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Balt. Co. rental owners aren't the bad guys

In suburban Baltimore County, the issue of making affordable housing available to more families looms large, as tougher requirements from the federal government are about to kick in and the county prepares for new political leadership. (Karl Merton Ferron / Baltimore Sun)

On behalf of the Maryland Multi-Housing Association, we share the goal of eradicating poverty and providing those in need with opportunities for socioeconomic advancement. Whether it's the thousands of individuals we hire and promote in Maryland, our service training academy which takes individuals with no skills or education and offers them a free education and paid apprentice program, or the various community services our members provide, our industry prides itself on helping and housing others. While elected officials seek to formulate housing policy to provide more affordable housing options, enactment of a source of income law is not the answer.

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Source of income laws preclude landlords from rejecting tenants solely because they use federal Section 8 vouchers. This program might appear to expand housing choices for voucher recipients resulting in a de-concentration of poverty. However, the objective data from jurisdictions with source of income laws demonstrates that the effectiveness of these laws on locational outcomes is sparse. Studies have suggested that voucher recipients continue to live in neighborhoods they are familiar with rather than uprooting their family to another part of town.

Take Baltimore County as an example. For the most part, residents of Dundalk or Essex stay on the east side of town because their families, daycare providers, churches and or their support systems are located in that area. The same can be said on the west side if you grew up in Arbutus or Lansdowne. If you have a voucher, are you moving away from what and who you know? This law does not change the nature of people, they stay in areas that they know and feel comfortable in.

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The Section 8 voucher program, established by the U.S. Department Housing and Urban Development, is also riddled with challenges. For instance, it is and always has been a voluntary program. It should remain voluntary. Doctors are not required to take Medicaid. Grocery stores are not required to take food stamps. Why is this different?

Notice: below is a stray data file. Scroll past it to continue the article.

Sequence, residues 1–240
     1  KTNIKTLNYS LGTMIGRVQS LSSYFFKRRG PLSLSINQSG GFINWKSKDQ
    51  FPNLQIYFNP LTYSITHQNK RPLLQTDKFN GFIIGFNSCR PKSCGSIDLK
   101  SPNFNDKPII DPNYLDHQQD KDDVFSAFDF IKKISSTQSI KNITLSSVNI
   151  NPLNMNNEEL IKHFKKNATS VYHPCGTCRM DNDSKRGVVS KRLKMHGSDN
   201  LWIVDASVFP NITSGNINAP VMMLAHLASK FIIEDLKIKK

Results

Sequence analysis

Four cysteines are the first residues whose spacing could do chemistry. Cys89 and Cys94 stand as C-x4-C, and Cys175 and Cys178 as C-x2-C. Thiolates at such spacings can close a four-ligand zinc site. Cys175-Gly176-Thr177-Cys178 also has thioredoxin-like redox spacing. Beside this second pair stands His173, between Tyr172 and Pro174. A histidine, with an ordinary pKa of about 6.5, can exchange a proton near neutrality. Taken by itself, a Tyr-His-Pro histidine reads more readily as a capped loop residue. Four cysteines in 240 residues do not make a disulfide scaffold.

Some rental housing providers have no desire to participate in the Section 8 voucher program for a simple reason – the governmental bureaucracy. Public housing authorities and HUD make this program onerous with extra inspections, paperwork including a qualification process and an inequitable HUD contract. If HUD loosened some of these burdensome requirements, perhaps more rental providers would participate in the program.

Lastly, "source of income discrimination" is a misnomer. Indeed, the Internal Revenue Service and the state of Maryland do not consider Section 8 vouchers "income." Rental housing providers accept all legal and verifiable forms of income. Rental housing providers are in the business of renting housing not turning people away. The name of this supposed discrimination is in itself a fallacy.

I challenge The Sun's editorial board to have an honest dialogue about this issue and other rental housing issues. MMHA represents the owners and managers of over 191,000 rental homes in Maryland. Our members are some of the best corporate citizens in the state. It is time for the paper to stop demagoguing this industry. The 834 apartment communities and scattered sites that our members own or manage are home to nearly 600,000 Maryland residents. We are actually the good guys and have grown exhausted by this newspaper's portrayal of us as the enemy.

Adam Skolnik, Owings Mills

The writer is executive director of The Maryland Multi-Housing Association.

Send letters to the editor to talkback@baltimoresun.com. Please include your name and contact information.

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